But at the end of the day the Secretary of State must make a decision whether to allow a local authority to close its nursery schools. The House would have been reassured if he had said that in general he was against local authorities closing nursery schools. He has not gone as far as that. We should welcome information about the criteria that the Secretary of State would use when he makes these decisions. Indeed, we should welcome more information about the Minister's general attitude towards nursery education. He made some bland statements this afternoon about being in favour of it. However, there is now doubt about how enthusiastic the Government are about nursery education.

    The Secretary of State referred to his right hon. Friend the Prime Minister and the contribution that she made to the improvement of nursery education. We heard a great deal about the Prime Minister's enthusiasm for nursery education, not only in the White Paper, to which the Minister referred, but in parliamentary debates and statements such as this:
    "an historic step forward; giving new opportunities to parents."
    A great deal of elaborate language was used at that time by his right hon. Friend, but all that bold talk led to very little.

    We are now concerned about what is happening to Conservative policy on nursery education. We have been considering some of the statements made over the past few years in Conservative Party manifestos. There has been a great deal of change of emphasis and a reduction of keenness on nursery education. This is alarming. In February 1974 the Conservative Party made a direct commitment:
    "We shall…extend free nursery schooling throughout the country."
    That was bold and direct. By October 1974 the Conservative Party had slightly modified that commitment. Instead of promising to provide such education, it recognised the need for it. By the time that it came to the writing of "The Right Approach", the Conservative Party thought that there should be special assistance for deprived children. By the time of the 1979 manifesto there was little talk of nursery education—simply the note that every child should have the chance to progress. That is where the Secretary of State now leaves the situation.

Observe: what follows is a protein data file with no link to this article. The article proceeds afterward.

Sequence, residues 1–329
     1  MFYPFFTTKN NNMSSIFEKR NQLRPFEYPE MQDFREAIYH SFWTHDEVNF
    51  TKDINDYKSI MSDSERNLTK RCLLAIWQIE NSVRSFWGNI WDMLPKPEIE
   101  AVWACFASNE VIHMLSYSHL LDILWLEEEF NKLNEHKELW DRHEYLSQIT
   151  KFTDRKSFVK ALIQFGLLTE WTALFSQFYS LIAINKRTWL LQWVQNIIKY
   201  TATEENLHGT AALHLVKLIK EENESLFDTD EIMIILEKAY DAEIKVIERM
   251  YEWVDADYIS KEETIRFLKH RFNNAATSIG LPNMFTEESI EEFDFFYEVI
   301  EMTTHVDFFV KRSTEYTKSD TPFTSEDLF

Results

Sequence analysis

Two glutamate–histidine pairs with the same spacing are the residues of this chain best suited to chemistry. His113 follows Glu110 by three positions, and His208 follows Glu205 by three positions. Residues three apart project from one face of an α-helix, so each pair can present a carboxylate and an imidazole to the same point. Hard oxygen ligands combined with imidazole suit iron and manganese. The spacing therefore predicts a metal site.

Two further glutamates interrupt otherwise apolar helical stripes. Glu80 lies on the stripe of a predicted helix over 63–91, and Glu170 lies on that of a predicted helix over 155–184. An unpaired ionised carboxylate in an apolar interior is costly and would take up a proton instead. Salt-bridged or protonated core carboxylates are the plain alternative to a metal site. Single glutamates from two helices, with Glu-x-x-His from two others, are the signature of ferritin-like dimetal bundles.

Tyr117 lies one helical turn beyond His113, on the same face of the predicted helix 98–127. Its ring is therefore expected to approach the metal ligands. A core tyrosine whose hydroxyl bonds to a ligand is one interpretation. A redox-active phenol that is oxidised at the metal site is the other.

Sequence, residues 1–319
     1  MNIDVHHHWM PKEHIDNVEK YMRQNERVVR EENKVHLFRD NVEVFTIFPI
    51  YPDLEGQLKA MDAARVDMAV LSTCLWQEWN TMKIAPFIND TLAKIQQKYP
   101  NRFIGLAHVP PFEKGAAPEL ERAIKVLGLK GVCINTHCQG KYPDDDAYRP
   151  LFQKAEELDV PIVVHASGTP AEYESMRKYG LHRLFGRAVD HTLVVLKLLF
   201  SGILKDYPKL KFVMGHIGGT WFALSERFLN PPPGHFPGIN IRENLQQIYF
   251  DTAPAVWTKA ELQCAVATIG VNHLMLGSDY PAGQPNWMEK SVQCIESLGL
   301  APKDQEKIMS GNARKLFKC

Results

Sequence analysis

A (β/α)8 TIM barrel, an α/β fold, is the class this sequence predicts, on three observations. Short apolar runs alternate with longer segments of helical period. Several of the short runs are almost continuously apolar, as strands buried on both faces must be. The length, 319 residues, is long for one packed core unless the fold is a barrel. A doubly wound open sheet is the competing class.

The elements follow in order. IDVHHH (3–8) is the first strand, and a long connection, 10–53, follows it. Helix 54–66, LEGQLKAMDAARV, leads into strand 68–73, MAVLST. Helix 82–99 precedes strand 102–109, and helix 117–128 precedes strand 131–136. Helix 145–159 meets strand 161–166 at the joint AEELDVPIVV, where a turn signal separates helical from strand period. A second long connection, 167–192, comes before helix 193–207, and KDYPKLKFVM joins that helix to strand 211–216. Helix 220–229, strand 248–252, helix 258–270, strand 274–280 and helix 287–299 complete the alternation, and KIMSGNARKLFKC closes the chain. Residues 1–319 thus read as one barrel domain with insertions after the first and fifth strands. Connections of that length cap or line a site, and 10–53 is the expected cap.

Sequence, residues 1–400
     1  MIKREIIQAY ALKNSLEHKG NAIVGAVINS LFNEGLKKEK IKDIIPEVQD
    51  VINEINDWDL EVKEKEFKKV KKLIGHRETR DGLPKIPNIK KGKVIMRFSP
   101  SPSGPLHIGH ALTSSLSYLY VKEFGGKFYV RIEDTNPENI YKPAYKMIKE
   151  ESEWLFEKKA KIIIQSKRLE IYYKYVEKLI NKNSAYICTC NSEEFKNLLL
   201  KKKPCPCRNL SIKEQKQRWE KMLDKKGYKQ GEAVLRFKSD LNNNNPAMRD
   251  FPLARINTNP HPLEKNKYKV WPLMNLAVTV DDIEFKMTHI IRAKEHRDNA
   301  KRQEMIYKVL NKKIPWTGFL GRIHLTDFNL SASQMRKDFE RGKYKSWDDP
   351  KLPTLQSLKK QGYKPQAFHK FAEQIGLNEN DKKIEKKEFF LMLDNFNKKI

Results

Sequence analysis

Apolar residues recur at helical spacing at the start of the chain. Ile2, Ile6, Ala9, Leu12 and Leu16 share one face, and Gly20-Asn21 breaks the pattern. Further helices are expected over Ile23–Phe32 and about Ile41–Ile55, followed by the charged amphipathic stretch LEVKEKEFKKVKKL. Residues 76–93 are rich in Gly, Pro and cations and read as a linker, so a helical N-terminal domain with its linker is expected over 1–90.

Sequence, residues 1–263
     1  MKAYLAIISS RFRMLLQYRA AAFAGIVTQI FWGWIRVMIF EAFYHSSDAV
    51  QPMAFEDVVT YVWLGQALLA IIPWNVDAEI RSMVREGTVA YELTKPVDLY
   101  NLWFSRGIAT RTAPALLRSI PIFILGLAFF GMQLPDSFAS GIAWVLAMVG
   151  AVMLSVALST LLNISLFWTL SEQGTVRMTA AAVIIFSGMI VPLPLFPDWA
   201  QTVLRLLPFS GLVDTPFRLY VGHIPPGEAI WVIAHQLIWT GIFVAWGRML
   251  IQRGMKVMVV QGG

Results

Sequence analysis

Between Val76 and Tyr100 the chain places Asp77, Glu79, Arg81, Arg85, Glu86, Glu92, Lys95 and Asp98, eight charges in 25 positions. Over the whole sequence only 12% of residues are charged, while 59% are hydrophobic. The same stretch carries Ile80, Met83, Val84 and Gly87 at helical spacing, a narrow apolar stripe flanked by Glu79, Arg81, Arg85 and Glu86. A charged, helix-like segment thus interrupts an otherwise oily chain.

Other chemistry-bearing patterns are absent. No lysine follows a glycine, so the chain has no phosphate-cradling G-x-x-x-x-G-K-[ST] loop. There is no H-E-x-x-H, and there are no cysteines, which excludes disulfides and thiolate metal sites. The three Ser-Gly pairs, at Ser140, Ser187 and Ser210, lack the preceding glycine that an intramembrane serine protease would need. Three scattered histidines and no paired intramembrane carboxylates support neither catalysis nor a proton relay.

From 1974 until 1979 the then Labour Government reduced their provision for nursery education from £21½ million a year to £2·7 million a year, and specifically advised local authorities, as a way of reducing expenditure, to reduce the numbers of under-fives they took into their schools.

    We are greatly touched by the Secretary of State's deep concern. However, the majority of local authorities that refused to take up their nursery allocations were Conservative controlled and, by and large, Labour local authorities have a far better record on nursery expenditure than do Tory local authorities.

    Is it not a fact that about two years ago Mrs. Shirley Williams, the then Secretary of State, gave figures in this Chamber showing that 80 per cent. of Conservative councils had failed to take up their allocations for nursery provision?

    :That is a fact. Indeed, some Labour local authorities tried to take up their allocations in their place. That is why so many Labour authorities were able to do something in terms of expanding nursery education.

    We were talking about the progress, or lack of it, of Conservative philosophy on nursery education. I think that last October the Secretary of State, in reply to a question, stated that he hoped to be able, over the coming year, to increase the number of nursery places available in this country. We were slightly surprised because the Secretary of State said that he would increase the number of nursery places although reducing expenditure on nursery education. We are now waiting for the Secretary of State to tell us that abolishing a legal obligation to provide nursery education will also result in more places.

    If the Secretary of State were concerned about nursery education he would not be introducing this new clause at this stage. He said that he was in favour of nursery education but said little about the dangers of the clause. He said little about the damage that would be done if the clause were passed and local authorities took advantage of it.

    Does the Secretary of State realise the hardship that would be caused by a reduction in nursery education? Does he believe in the educational and social value of nursery education? Does he agree it is important that children from deprived backgrounds can take advantage of this better start in education? If he does, he cannot go ahead with the clause or allow local authorities to close their nursery schools.